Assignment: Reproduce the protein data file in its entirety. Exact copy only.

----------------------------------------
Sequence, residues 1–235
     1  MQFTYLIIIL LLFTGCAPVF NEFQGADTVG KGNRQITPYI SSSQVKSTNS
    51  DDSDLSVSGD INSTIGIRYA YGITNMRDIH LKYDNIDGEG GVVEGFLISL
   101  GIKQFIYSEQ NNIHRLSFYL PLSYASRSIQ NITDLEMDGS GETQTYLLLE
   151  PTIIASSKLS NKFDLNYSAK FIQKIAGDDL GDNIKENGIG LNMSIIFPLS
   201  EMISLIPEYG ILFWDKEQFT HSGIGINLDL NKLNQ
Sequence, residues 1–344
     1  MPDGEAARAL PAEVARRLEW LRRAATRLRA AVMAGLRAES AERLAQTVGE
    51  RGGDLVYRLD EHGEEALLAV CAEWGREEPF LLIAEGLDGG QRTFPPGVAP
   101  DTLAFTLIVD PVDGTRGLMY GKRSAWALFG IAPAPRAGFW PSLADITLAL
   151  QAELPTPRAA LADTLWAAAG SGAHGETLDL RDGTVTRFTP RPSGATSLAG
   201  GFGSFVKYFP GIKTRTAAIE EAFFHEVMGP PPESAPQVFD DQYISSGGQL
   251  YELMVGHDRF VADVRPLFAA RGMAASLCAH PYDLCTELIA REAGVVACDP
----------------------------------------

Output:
Sequence, residues 1–235
     1  MQFTYLIIIL LLFTGCAPVF NEFQGADTVG KGNRQITPYI SSSQVKSTNS
    51  DDSDLSVSGD INSTIGIRYA YGITNMRDIH LKYDNIDGEG GVVEGFLISL
   101  GIKQFIYSEQ NNIHRLSFYL PLSYASRSIQ NITDLEMDGS GETQTYLLLE
   151  PTIIASSKLS NKFDLNYSAK FIQKIAGDDL GDNIKENGIG LNMSIIFPLS
   201  EMISLIPEYG ILFWDKEQFT HSGIGINLDL NKLNQ
Sequence, residues 1–344
     1  MPDGEAARAL PAEVARRLEW LRRAATRLRA AVMAGLRAES AERLAQTVGE
    51  RGGDLVYRLD EHGEEALLAV CAEWGREEPF LLIAEGLDGG QRTFPPGVAP
   101  DTLAFTLIVD PVDGTRGLMY GKRSAWALFG IAPAPRAGFW PSLADITLAL
   151  QAELPTPRAA LADTLWAAAG SGAHGETLDL RDGTVTRFTP RPSGATSLAG
   201  GFGSFVKYFP GIKTRTAAIE EAFFHEVMGP PPESAPQVFD DQYISSGGQL
   251  YELMVGHDRF VADVRPLFAA RGMAASLCAH PYDLCTELIA REAGVVACDP